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After failing to refinance $1.1B loan, Viridian owner Arcapita files for Chapter 11

Arcapita Bank has filed for bankruptcy protection in the U.S. in an effort to reorganize the company, according to a statement from the firm. The move comes after Arcapita failed to refinance a $1.1 billion loan due on March 28, and as the Bahraini investment firm attempts to protect its assets as it works on a turnaround plan.

It has said that none of the companies it owns are included in the bankruptcy filing. Among Arcapita’s portfolio companies are Viridian, CEPL and Profine (formerly known as HT Troplast).

Separately, Irish utility group Viridian has now completed its refinancing initiative, which included new equity from sponsor Arcapita. A €313 million and £250 million issue of high-yield notes were raised last month, as part of a broader refinancing for Viridian, which comprised a full repayment of the outstanding £449.8 million senior bank debt. It also included the refinancing of £63.6 million of a £117 million participation loan, and the conversion of junior debt into PIK with an eight-year tenor, and entering into an RCF.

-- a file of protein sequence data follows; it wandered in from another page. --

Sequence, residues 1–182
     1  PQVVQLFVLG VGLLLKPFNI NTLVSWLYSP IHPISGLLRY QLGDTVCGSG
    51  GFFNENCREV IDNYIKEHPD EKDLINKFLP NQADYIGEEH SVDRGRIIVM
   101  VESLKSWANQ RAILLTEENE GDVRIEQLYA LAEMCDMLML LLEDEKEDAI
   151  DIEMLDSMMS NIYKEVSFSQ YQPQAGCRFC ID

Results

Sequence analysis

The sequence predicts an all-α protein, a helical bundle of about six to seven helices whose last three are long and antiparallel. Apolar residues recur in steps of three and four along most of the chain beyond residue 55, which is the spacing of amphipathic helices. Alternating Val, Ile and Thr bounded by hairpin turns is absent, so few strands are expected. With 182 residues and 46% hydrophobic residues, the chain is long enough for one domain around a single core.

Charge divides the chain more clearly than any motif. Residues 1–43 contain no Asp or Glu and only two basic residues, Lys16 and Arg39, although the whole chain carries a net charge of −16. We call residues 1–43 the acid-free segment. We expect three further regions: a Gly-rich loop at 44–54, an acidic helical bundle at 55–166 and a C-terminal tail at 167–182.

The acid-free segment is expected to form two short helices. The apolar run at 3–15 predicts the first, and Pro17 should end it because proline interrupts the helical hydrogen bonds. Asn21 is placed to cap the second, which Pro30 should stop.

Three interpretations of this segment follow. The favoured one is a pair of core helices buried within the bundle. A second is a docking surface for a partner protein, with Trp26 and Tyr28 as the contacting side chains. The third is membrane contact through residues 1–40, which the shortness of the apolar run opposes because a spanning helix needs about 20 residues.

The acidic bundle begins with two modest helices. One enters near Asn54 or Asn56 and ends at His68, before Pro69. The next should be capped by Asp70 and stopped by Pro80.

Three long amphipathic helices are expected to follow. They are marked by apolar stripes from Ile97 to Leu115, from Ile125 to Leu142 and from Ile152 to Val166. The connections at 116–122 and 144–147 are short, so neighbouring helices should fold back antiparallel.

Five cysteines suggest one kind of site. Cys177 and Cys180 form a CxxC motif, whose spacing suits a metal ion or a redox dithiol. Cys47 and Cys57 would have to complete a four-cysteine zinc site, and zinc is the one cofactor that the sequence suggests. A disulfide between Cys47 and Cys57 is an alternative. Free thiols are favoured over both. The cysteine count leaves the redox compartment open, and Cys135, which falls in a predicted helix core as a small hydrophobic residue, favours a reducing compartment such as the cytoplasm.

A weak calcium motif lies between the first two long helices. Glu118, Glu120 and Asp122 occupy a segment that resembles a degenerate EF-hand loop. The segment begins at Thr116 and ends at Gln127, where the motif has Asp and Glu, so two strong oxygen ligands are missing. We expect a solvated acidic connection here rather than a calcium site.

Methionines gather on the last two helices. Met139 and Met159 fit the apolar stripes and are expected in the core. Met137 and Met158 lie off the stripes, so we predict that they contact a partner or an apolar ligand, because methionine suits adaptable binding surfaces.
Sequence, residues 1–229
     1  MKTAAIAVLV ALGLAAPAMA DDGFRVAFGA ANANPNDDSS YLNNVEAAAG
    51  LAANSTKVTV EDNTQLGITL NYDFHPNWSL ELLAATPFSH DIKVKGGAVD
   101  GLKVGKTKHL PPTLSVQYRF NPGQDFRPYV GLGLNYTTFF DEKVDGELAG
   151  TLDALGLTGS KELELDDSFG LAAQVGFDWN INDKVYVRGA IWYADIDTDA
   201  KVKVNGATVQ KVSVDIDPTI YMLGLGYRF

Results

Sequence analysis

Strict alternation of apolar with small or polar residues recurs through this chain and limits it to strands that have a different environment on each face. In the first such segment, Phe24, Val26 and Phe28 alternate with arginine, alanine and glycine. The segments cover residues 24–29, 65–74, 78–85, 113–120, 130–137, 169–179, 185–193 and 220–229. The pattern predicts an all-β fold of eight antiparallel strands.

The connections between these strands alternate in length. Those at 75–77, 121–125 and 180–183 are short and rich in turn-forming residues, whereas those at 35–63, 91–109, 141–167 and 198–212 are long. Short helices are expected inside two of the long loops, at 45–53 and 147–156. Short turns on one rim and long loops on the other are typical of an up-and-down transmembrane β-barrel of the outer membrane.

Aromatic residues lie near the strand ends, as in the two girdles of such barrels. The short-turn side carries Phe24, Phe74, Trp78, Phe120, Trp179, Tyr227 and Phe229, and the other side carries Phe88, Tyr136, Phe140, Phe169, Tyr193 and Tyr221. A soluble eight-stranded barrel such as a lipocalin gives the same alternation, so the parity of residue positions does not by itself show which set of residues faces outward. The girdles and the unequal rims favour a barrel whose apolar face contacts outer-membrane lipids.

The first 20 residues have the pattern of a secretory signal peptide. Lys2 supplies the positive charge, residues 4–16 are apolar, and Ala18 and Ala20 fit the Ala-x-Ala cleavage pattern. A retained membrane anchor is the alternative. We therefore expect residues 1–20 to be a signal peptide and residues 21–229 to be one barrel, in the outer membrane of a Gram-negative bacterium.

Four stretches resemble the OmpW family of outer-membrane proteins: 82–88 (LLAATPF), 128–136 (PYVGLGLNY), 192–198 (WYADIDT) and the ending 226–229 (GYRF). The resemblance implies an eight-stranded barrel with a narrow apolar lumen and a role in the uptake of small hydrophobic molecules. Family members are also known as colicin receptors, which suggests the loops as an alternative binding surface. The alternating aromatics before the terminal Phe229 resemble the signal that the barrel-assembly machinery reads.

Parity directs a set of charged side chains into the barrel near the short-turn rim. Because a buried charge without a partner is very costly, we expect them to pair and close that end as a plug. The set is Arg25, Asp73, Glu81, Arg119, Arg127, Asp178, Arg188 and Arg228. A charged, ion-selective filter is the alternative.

According to a statement from the company, the refinancing was supported unanimously by existing junior lenders.

Viridian’s 11.125% euro notes are currently at a mid-price of 95, according to sources.

The company expects adjusted EBITDA for the financial year to March 31, 2012 to be consistent with performance for the 12 months ended Dec. 31, 2011. Viridian’s adjusted EBITDA for the 12 months ended Dec. 31, 2011 was £110.6 million.

Belfast, U.K.-based Viridian Group supplies electricity and gas to homes and businesses in Northern Ireland. It also supplies conventional and renewable electricity to the industrial and commercial electricity markets across Ireland. Viridian was bought by Arcapita in 2007. – Staff reports

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